That growth is happening as the district’s student population of 31,000 shows a decline, noted Jeanette Silvers, the district’s chief of accountability. And many of the Latino students, because of the language issue, take longer to graduate, which is not reflected in the 39-percent four-year graduation rate, she added.

"They need more time to meet the requirements of a Regents diploma," she said of students for whom English is a second language.

Many of the community members who attended the summit agreed that Latino students and families need to hear more about their progress at all levels.

"It’s important for students to know they are making progress," said Rick DeJesus, St. John Fisher College’s vice president for student affairs and diversity initiatives. "Achievement will come with progress."

And for bilingual students, finding meaningful assessments of how they are improving in their native languages will be one way to show progress, noted Anaida González-Fortiche, the district’s new director of bilingual education. Adding bilingual programs to high schools and elementary schools throughout the district — another obstacle because of a lack of bilingual certified teachers — also will help these increasing numbers of Latino students, she said.

Her vision for Latino students also includes increasing their numbers enrolling in college, not just graduating high school, said González-Fortiche.

However, one of the primary missions for the district right now is boosting attendance, which could be done by providing incentives, summit participants said, perhaps in cooperation with city recreation centers. Luis Burgos, director of the city’s parks and recreation department, said that he supports that idea.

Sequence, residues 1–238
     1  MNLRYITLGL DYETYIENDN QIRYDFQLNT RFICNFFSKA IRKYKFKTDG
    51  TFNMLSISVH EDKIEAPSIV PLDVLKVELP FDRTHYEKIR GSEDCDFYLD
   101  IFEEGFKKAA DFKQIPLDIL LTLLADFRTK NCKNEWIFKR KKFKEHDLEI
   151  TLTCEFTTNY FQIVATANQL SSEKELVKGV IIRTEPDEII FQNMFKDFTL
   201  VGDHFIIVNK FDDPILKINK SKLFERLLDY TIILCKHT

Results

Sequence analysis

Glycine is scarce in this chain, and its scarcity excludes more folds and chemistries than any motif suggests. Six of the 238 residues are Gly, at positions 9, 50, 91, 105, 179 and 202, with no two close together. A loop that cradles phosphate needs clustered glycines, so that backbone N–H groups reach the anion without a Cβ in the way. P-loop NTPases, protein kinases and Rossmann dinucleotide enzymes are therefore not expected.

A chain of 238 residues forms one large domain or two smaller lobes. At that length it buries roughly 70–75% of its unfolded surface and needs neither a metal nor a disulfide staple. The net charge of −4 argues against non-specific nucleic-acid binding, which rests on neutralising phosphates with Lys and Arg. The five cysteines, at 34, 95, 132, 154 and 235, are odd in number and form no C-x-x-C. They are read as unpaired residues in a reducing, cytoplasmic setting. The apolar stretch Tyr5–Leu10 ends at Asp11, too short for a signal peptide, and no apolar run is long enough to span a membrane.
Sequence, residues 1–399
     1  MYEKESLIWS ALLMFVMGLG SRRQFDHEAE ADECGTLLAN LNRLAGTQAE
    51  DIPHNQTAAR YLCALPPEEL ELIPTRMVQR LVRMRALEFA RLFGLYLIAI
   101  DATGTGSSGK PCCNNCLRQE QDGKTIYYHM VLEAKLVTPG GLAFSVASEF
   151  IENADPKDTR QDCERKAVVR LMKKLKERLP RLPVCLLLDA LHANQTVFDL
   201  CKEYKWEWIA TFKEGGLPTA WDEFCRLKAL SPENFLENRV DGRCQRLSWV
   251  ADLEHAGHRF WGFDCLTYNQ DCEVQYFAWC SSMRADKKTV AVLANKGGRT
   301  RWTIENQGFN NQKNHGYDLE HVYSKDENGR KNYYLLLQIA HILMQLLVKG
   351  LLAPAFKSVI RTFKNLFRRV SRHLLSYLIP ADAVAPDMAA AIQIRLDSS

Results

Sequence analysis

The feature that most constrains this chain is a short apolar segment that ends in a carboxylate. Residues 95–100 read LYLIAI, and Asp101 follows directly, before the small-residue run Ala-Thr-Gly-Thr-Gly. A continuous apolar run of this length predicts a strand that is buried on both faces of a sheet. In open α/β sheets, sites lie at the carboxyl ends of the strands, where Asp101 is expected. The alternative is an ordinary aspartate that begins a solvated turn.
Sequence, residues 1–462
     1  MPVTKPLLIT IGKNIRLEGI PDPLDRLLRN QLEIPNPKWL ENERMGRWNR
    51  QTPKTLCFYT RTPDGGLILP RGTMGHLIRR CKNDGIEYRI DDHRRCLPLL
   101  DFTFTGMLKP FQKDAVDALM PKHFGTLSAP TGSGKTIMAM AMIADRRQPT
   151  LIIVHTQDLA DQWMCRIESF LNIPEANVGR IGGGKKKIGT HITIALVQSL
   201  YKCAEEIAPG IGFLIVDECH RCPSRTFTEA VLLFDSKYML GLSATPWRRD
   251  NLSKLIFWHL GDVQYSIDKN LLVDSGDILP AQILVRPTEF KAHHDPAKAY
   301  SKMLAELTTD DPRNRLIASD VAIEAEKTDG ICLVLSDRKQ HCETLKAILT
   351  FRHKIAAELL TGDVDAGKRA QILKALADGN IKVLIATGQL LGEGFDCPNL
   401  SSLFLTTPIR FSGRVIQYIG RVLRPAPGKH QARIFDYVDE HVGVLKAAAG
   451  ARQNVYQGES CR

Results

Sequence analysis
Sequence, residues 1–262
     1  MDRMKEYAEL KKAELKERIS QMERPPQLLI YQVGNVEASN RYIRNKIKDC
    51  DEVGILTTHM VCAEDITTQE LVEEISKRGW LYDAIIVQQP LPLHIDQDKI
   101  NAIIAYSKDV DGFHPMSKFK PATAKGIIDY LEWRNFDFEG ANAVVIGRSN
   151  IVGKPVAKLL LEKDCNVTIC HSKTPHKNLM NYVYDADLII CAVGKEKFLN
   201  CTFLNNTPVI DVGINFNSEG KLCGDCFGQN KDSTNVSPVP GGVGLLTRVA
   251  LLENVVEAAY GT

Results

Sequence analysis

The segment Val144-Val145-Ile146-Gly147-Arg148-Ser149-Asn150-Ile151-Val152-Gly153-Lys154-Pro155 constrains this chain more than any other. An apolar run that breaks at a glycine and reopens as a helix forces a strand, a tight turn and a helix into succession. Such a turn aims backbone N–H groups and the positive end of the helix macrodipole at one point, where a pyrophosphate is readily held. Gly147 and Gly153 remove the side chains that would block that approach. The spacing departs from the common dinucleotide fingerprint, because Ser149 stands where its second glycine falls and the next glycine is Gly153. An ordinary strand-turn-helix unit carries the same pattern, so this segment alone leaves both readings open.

He said that he has already had conversations with school officials about ways to make sure students attend school. Potential prizes could include giving out trophies or providing access to the teen lounges, Burgos added.

"We have the same connections to these children," he said. "We have to find creative ways … and identify resources and incentives."

While school attendance at Monroe is currently is high — ranging from 87 percent to 92 percent last month — those numbers tend to decrease not only as the weather gets colder, but as the holidays get closer, explained Chevalier-Blackman. At that time, cultural factors come into play, as some families take their students out of school for several weeks to celebrate Christmas with families in Puerto Rico, she said.

"That makes a big impact for our students … to take that extended unpaid vacation," added Chevalier-Blackman. "It’s not paid until you graduate. … (The Regents) is a must."

Another must is getting more Latino families educated about the need to participate in their children’s school life and not take the hands-off approach common in Latin American countries, participants agreed.

It’s a message so many parents need to hear, said Gloria Sabastro, president of the bilingual council.

"If parents take note of this … they will have a new vision (for their children)," she added.